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State of those that believe, in Chrift, with the different States of an Heir, whilft he is a Child, and when he becomes of Age. The State of the Jews under the Law anfwers to the Heirs State of Child-hood. And as the Heir, as long as he is a Child, differs nothing from a Servant; even fo the Jews under the Law differed nothing from Servants. For they were in bondage, or (f) a State of fervitude. And as the Heir, whilft he is a Child, does therefore differ nothing from a Servant, because he his under Tutors and Gover nors even fo the Jews under the Law were therefore in a State of fervitude, because they were in bondage under the Elements of the World, viz. the Law, which was their Tutor or Gover nor, or (as the Apoftle expreffes it) their Schoolmafter to bring them to Chrift, Gal., 3.. 24. And as the Heir is not to differ nothing from a Servant alwaies, but only until the time appointed of the Father; fo neither were, the Jews to continue alwaies under the Law, but only till the fullness of the time was come, For then God fent forth his Son, made of a Woman, made under the Law, to redeem them that were under the Law, that they might receive the adoption of
Now it must be obferved, that when the Heir is faid to differ nothing from a Servant during his Child-hood, and confequently to be a Son and not a Servant, when the time appointed of the Father is come; the Apoftle means, that he differs nothing from a Servant in Condition and Circumftances during his Child-hood, and con-, fequently is in the Condition and Circumftances:
of a Son, when the time appointed of the Father is come. This, I fay, is undoubtedly the Apostles meaning; because otherwife his affertion would be falfe. For the Heir does, as well before, as after the time appointed of the Father, differ from a Servant, in as much as he is the Fathers Child, which the Servant cannot pretend to be whereas in Condition and Circumftances he differs nothing from a Servant untill the time appointed of the Father; becaufe his Father has plac'd him under Tutors and Governors, and thereby made his Condition and Circumftances the fame with those of a Servant. And when the time appointed of the Father is come, and the Heir is no longer a Servant but a Son; he then commences his Sonship as to Condition and Circumstances only. For he was a Son, even whilft he differed nothing from a Servant, in as much as he was his Fathers Child. And accordingly, when the Jews are faid to be in bondage or fervitude, under the Law; and to receive the adoption of Sons, when Chrift came: we are to underftand, that whilft the Jews were under the Law, they were in the Condition and Circumftances of Servants; and that when Christ came, they then began to be in the, Condition and Circumflances of Sons.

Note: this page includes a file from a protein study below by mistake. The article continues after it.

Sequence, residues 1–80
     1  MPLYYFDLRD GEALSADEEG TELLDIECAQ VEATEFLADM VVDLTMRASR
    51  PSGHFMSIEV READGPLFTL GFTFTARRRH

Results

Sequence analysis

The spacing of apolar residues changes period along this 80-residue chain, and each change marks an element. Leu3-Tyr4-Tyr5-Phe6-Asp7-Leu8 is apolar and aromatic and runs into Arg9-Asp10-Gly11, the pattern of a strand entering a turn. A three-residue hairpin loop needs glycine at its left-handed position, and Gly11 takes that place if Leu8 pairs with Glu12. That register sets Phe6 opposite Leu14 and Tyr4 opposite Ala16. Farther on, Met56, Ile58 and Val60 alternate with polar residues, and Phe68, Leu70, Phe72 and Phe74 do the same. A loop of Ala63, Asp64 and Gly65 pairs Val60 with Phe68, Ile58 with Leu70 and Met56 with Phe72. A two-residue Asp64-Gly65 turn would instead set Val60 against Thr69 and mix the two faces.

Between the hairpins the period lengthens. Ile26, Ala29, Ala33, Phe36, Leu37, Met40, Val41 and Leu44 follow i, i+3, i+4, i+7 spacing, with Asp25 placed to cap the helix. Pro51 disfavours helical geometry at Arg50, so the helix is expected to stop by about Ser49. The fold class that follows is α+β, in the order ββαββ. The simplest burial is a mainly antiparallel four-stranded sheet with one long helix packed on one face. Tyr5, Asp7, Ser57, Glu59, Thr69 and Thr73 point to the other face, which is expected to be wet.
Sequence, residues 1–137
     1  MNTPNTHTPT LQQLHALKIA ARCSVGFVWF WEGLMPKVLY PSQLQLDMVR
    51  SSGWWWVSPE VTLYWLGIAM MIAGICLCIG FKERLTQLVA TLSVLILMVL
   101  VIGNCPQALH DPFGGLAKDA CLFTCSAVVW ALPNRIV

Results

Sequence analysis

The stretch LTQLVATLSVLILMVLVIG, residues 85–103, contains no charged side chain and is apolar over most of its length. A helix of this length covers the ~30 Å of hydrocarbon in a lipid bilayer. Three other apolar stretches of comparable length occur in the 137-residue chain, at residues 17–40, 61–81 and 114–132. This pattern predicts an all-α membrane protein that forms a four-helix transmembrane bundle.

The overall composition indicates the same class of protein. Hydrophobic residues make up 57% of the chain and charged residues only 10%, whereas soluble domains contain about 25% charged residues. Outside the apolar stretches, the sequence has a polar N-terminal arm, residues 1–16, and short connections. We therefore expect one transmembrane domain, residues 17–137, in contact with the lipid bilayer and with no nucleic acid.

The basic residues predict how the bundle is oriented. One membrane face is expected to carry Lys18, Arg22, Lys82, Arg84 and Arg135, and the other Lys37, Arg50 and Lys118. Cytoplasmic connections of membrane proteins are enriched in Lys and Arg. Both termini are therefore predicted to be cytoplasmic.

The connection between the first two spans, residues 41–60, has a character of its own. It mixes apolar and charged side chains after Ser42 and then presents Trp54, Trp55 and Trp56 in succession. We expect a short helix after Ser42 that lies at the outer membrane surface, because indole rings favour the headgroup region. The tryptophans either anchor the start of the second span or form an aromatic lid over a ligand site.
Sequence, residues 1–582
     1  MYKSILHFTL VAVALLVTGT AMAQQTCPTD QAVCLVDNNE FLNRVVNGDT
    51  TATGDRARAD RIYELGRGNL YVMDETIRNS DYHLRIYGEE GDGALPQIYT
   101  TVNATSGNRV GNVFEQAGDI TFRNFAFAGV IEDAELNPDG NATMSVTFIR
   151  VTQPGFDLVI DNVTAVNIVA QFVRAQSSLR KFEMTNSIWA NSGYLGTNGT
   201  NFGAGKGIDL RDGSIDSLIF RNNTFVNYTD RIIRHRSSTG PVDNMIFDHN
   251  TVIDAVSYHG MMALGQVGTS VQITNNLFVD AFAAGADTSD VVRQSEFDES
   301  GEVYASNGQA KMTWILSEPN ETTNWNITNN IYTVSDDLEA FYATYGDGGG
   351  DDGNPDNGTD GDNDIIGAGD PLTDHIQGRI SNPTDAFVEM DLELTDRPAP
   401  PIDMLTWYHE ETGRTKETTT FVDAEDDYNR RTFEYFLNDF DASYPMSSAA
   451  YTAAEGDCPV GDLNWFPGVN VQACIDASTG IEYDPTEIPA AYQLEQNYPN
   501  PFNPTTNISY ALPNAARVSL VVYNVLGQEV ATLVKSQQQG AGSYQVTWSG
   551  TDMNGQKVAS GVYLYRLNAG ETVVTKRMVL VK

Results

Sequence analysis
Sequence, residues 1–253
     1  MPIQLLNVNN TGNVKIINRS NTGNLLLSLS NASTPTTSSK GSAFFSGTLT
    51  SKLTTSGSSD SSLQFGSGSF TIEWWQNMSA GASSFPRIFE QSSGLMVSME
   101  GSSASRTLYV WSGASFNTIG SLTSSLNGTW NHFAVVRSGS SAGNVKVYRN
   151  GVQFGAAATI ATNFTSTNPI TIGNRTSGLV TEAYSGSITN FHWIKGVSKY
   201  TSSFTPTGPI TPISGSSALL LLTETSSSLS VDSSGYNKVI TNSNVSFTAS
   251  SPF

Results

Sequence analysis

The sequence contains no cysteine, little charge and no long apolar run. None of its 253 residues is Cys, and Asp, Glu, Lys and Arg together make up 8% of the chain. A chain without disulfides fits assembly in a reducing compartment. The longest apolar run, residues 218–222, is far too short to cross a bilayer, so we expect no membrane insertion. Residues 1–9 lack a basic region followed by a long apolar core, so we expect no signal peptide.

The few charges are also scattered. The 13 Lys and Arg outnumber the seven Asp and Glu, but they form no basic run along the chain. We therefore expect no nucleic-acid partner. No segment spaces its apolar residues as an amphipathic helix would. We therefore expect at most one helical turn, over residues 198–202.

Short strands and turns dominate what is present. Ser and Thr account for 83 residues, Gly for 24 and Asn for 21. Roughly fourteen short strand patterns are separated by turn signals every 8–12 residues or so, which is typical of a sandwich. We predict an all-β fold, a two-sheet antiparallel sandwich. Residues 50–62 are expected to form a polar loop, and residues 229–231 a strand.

Now from thefe different States, in which God the Father of the Jews had placed them, arofe` a difference in the temper and difpofition of their Minds. Whilft they differ'd nothing from Servants by being under the Law, the difpofition and temper of their Minds. was- fuch as befitted the State of Servants. And this is what St. Paul calls (das) the Spirit of bondage or fervitude; in oppofition to what he calls (Tea viferias)
the Spirit of adoption, viz. that difpofition and temper of mind which befits the State of Sons. For that (a) Spirit frequently fignifies the difpofition and temper of a Mans Mind, I have already fhewn,
Thus then it appears, what the Spirit of Adoption is. And from hence we may learn, after what manner it bears witness with, or teftifies unto our Spirit, that we are the Children of God. For 'tis plain, that the Spirit of Adoption cannot bear witness with, or teftify unto our Spirit, that we are the Children of God, by an immediate Revelation of that truth to our understandings. For what Man in his Wits can imagin, that the difpofition and temper of a Mans mind, or what we call the frame of his Spirit, does reveal any thing to him? Wherefore the Spirit of Adoption does bear witnefs with, or teftify unto our Spirit, that we are the Children of God, by being in us. For no Man can have in himself fuch a filial dif pofition and temper of mind, grounded upon, and refulting from Gods fatherly treatment of Him, unless he be the Son of God..